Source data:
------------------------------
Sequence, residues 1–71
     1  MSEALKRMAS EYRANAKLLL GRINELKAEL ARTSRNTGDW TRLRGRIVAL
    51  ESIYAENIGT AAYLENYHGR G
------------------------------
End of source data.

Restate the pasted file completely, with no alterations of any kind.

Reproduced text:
Sequence, residues 1–71
     1  MSEALKRMAS EYRANAKLLL GRINELKAEL ARTSRNTGDW TRLRGRIVAL
    51  ESIYAENIGT AAYLENYHGR G